There's one case I find interesting in both of the System Shock games. If you died before activating the respawn point manually, it was a game over. In the case of System Shock 2, if you respawned at the station (or respawned at predetermined points in Multiplayer), you would only have a portion of your health restored, and would pretty much have to rely on healing items or an activated surgical unit to get that health back, and it costed 10 nanites to be brought back. There are also some areas where there wasn't a reconstruction station to activate at in any case, so you'd have to avoid dying in said areas. Pretty much the amount of times you can die depends on the amount of nanites you have. Course this game has a save system so people would rather just load a savegame up than get sent back to the activated reconstruction station.
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Honestly, I never really liked the live system in Legend of Zelda 2. You start with three lives and if you lose all those lives you go back to Hyrule Temple. Some of the temples/dungeons have many annoying enemy placements, where you'll die if you get hit by an enemy when you're close to a bottomless pit. As for the lives you gathered, uggggghhhh. If you get all the lives in the game, you cannot go back and farm for lives again (exactly one life in each area that contains lives). It wouldn't be a problem if THE GAME DOESN'T RESET YOUR LIVES BACK TO THREE after you shut the game down. And yeah, I rage quit at the pathway to the final temple/dungeon.
(04-23-2013, 01:30 PM)marks3684 Wrote: Honestly, I never really liked the live system in Legend of Zelda 2. You start with three lives and if you lose all those lives you go back to Hyrule Temple. Some of the temples/dungeons have many annoying enemy placements, where you'll die if you get hit by an enemy when you're close to a bottomless pit. As for the lives you gathered, uggggghhhh. If you get all the lives in the game, you cannot go back and farm for lives again (exactly one life in each area that contains lives). It wouldn't be a problem if THE GAME DOESN'T RESET YOUR LIVES BACK TO THREE after you shut the game down. And yeah, I rage quit at the pathway to the final temple/dungeon.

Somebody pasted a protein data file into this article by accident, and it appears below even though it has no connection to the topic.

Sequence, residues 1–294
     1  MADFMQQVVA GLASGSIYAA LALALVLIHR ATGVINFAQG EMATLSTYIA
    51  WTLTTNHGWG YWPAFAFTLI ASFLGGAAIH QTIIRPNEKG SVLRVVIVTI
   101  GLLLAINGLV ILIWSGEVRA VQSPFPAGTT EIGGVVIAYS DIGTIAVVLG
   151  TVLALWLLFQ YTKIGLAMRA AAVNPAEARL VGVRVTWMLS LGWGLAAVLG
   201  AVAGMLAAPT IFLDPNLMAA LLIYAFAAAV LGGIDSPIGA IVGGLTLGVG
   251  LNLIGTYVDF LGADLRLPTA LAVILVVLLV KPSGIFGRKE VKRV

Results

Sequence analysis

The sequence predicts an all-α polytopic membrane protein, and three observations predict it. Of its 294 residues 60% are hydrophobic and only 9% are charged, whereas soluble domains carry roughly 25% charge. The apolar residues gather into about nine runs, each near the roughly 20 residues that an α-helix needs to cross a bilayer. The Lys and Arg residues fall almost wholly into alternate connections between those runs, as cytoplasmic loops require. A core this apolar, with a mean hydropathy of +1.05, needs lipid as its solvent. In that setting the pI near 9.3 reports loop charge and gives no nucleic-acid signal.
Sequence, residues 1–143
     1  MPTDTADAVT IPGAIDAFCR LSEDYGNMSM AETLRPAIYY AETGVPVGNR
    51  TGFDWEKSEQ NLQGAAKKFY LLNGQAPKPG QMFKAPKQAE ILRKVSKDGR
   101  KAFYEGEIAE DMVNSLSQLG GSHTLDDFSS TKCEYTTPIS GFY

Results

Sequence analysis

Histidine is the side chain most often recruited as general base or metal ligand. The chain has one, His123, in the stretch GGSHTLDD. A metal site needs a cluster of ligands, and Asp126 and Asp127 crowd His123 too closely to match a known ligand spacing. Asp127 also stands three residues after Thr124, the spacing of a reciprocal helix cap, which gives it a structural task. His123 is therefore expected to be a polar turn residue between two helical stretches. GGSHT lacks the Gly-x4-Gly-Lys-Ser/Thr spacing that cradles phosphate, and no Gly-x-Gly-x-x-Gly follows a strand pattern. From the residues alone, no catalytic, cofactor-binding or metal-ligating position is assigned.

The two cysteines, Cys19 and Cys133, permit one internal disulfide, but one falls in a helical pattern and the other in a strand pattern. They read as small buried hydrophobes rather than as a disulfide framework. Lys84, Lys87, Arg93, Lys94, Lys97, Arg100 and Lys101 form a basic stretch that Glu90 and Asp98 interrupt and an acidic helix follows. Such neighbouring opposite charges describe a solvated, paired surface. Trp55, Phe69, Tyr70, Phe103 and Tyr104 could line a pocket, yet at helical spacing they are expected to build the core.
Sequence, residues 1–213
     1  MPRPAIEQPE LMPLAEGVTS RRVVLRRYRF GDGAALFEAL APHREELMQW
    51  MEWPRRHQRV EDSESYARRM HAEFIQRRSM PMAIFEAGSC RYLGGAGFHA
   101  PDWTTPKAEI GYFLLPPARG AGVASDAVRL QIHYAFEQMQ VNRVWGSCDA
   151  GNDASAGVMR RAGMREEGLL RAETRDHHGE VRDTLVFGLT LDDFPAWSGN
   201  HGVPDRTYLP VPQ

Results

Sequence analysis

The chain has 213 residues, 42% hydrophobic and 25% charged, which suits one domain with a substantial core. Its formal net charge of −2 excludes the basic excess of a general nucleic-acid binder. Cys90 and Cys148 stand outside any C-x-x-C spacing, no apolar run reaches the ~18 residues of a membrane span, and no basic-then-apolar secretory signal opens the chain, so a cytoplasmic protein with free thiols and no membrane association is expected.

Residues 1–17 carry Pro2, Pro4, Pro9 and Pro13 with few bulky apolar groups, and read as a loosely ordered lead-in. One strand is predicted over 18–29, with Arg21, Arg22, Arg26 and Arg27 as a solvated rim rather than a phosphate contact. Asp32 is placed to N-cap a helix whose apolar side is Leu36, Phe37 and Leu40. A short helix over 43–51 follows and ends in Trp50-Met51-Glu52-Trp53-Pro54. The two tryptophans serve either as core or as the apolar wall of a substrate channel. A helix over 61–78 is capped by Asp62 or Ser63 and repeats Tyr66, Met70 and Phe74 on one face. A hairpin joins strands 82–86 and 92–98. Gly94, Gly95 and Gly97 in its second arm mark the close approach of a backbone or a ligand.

To be fair, Zelda II isn't exactly a very well designed game in the first place (lots of pointless features that do nothing to improve the game experience, and bland level design). The punishment it places on you is completely pointless because getting back to where you were isn't challenging; You can avoid most enemy encounters, and the ones you can't are usually trivial. It'd be meaningful in the final palace, since getting there is in and of itself VERY challenging, but you always start at the palace if you game over, and I think sending the player back to the beginning of the game would be... insane.
I think lives are a neat concept that's not for every game. I think anything that has a steep challenge should include some way for replenishing lives when needed or have the player only go back to the beginning of the stage failed upon rather than having replay stages like in Super Mario World.

Take Mega Man for instance. Never would you have to play a stage over in a single run due to failure unless it was involving a hidden item. With two checkpoints given per stage, difficulty can increase while still staying fair.

Going back to SMW, I play them hacks a lot and the lives system can be hit or miss. Most of them have a thing provided in the first few stages that if you have an eye for, you can easily replenish and never have to replay much. Considering the difficulty, this is necessary. Others have nothing of the sort or even taught you with sections that appear to work out but don't provide the necessary tools. That's just cruel.

SMBX engine does it much better, akin to Yoshi's Island in that it auto saves and you never have to replay anything but the first section. It only allows for one midpoint, unfortunately. This system shouldn't be an excuse for designers to put level ending stars at or near the end of the level like rom hacks though >_< but that's a rant for another day. I will mention that fact that like New Super Mario Bros., midpoints too get erased too easy. I guess it's better than getting stuck losing progress in the first two (possibly three) VIP Marios haha.